Published March 13, 2017
UB and the Chicago-based Digital Manufacturing and Design Innovation Institute (DMDII) have entered into an agreement to implement a $1.3 million project designed to create and test workflow innovations using a standard vocabulary and set of categories — forming what can be called a suite of ontologies — to support digital manufacturing for a local technology and services innovator.
The project, known as the Coordinated Holistic Alignment of Manufacturing Processes (CHAMP), will focus on coordinating the production processes and data created in the course of operations at Cobham Industries, an Orchard Park company working in the aeronautical engineering field.
The goal is to identify problems in Cobham’s workflow and generate reports for analysis. While the framework will be closely tied to the needs of Cobham Industries, the ontologies themselves will be made freely available to other companies.
“My role is to create the ontology infrastructure to help software developers, particularly working with small- and medium-sized companies, to ensure greater compatibility between the various digital components that they need to use,” says Barry Smith, principal investigator, SUNY Distinguished Professor of Philosophy and director of UB’s National Center for Ontological Research (NCOR).
Smith leads the CHAMP team that includes faculty members from UB’s College of Arts and Sciences, School of Engineering and Applied Sciences, and CUBRC, a Buffalo company specializing in research and development, testing and systems integration in the areas of information fusion, chemical and biomedical sciences, and aeronautics.
CUBRC has a long history with UB’s NCOR. That partnership has led to several major technology breakthroughs, according to Michael D. Moskal, CUBRC’s senior vice president and chief information officer.
“We will be working with UB to extend these technologies and make them available to the DMDII membership with the goal of enhancing their capabilities and providing an important competitive advantage in a rapidly changing digital manufacturing world,” says Moskal.
Standardizing the language of industry and its disparate components is a fascinating, albeit massive, undertaking that can have costly consequences if done incorrectly or incompletely, as the 2004 multibillion-dollar Airbus A380 saga illustrates.
The A380 was a joint French and German venture. The last step in the plane’s production required large sections of its fuselage to be incorporated into its main body.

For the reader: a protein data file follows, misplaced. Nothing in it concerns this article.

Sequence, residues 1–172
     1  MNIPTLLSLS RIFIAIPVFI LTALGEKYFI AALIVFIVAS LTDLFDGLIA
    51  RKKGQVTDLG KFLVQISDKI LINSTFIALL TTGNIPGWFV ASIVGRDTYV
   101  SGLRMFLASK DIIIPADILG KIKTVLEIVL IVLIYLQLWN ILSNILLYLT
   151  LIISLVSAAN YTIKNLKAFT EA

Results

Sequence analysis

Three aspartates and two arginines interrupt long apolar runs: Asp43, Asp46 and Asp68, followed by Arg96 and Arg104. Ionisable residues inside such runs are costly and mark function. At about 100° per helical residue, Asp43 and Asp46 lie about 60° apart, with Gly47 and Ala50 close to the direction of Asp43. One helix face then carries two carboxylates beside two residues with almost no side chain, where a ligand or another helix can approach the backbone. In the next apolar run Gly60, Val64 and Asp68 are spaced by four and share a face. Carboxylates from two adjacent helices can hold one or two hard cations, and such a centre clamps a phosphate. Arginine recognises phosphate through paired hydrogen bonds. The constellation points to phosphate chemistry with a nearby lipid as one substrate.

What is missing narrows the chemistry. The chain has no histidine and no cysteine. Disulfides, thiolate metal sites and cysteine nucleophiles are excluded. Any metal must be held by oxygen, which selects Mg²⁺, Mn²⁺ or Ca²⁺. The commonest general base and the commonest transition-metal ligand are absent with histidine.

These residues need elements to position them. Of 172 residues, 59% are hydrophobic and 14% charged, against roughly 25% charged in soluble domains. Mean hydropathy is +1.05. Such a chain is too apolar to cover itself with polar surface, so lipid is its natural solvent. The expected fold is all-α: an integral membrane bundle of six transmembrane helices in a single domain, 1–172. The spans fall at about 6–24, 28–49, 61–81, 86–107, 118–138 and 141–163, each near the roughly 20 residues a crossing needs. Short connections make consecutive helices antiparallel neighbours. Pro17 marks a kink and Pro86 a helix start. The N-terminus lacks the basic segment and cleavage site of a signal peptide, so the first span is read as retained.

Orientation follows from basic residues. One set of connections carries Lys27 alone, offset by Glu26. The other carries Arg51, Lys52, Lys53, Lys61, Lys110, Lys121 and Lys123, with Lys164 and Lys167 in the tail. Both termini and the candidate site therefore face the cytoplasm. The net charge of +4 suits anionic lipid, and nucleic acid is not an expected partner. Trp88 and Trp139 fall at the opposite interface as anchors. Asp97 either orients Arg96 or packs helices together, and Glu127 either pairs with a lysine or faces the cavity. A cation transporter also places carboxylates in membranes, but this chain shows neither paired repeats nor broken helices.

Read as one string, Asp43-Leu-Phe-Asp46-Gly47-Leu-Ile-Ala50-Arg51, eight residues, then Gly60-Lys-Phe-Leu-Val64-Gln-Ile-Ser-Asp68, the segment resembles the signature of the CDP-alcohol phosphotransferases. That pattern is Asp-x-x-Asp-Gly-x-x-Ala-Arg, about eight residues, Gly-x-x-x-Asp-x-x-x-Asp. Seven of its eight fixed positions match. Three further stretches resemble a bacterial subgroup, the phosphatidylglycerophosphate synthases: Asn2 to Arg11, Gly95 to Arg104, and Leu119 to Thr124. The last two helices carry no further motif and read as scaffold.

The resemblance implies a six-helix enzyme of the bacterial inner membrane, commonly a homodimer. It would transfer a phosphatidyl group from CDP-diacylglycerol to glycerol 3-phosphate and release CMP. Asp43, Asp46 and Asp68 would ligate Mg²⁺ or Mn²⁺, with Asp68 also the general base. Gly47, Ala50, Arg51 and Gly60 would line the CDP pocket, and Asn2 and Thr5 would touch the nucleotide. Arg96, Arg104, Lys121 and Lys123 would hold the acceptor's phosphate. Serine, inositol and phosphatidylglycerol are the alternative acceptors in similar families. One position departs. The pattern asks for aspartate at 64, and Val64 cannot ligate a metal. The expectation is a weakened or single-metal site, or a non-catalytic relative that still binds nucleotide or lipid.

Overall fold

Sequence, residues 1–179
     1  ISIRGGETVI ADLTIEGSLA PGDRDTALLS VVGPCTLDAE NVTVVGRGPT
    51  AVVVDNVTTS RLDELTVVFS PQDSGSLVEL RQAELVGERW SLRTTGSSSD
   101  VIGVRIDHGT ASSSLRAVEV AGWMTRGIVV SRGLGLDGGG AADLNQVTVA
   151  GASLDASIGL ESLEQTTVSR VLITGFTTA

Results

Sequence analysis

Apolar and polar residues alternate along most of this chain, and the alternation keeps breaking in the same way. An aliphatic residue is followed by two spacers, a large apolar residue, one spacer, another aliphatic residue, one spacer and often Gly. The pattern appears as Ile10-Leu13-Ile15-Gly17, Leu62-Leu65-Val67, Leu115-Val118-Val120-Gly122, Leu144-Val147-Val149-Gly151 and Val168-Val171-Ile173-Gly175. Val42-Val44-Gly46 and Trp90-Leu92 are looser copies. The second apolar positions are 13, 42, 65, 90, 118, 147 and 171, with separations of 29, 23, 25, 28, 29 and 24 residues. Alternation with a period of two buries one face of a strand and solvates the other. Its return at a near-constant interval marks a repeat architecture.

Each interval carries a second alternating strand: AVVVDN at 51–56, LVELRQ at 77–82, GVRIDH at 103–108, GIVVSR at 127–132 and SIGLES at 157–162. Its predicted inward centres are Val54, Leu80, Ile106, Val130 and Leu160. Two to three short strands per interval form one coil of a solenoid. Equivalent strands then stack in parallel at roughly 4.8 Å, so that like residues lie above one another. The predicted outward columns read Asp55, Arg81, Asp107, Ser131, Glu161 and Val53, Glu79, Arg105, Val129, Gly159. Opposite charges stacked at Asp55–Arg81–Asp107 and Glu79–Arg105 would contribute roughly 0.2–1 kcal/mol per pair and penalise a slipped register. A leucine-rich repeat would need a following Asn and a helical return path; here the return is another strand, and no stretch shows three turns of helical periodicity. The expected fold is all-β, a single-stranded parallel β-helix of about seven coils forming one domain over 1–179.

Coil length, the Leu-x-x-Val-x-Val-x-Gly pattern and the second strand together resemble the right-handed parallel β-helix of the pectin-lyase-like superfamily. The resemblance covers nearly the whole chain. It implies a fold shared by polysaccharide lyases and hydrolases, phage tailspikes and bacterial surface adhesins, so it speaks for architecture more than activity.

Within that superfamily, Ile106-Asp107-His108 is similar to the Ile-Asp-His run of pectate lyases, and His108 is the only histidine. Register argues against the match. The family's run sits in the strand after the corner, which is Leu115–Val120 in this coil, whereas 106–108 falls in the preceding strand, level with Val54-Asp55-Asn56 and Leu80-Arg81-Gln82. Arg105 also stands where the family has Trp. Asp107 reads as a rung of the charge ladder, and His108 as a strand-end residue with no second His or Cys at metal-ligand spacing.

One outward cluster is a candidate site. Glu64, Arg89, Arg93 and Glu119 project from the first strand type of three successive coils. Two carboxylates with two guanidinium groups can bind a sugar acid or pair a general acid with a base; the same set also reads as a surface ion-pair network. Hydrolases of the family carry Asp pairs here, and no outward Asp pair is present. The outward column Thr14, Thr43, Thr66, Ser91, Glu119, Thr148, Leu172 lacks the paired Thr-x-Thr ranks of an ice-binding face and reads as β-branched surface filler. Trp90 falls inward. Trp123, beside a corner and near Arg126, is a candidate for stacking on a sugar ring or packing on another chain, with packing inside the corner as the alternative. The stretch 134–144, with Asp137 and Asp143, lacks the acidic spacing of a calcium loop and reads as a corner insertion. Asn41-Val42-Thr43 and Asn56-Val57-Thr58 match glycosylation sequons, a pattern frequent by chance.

When mechanics began threading hundreds of miles of cable through the plane’s airframe they soon discovered that their cables were too short. The French and German engineers had each used their own software programs for computer-aided design (CAD). But the two programs, it turned out, had used conflicting definitions of the word “hole.” Total cost of correcting the snag: $5 billion.
The A380 designers’ expensive discovery points to the need for standard ways of describing functions, products and components. Prior to the A380 problem, there was some activity in this field, but the standards were written in English and therefore inaccessible to computers. With computers involved in the engineering and manufacturing process, those standards had to be translated into computable resources.
It’s in this context that the word “ontology” started being used.
Basically, an ontology is a standardized vocabulary that provides definitions of terms that enable computers to utilize information and software in more consistent ways.
Ontology is a discipline within philosophy that dates back to Aristotle. It’s usually devoted to exploring possible worlds or abstract questions of being and causality; but ontology is also concerned with quite practical questions of how one category of entities is related to another.
The to-and-fro of questions and negotiations allows humans to communicate effectively even when different groups use different technical terminologies, but computers don’t have those abilities.
“For a long time I’ve been very interested in demonstrating that philosophy can be applied in the wider world, as we see in hospitals where using applied ethics has become routine,” says Smith. “My goal was to have an applied ontology. It seemed to me obvious that the work we’re doing in philosophy could have enormous applications as computers began to take over more and more of the activities normally reserved for humans.”
For the CHAMP project, Smith is joined by UB faculty members from the Department of Mechanical and Aerospace Engineering (MAE), including, Kemper Lewis, professor and chair of MAE and director of SMART; associate professor Rahul Rai; and Andrew Olewnik, director of the engineering school’s Experiential Learning Program.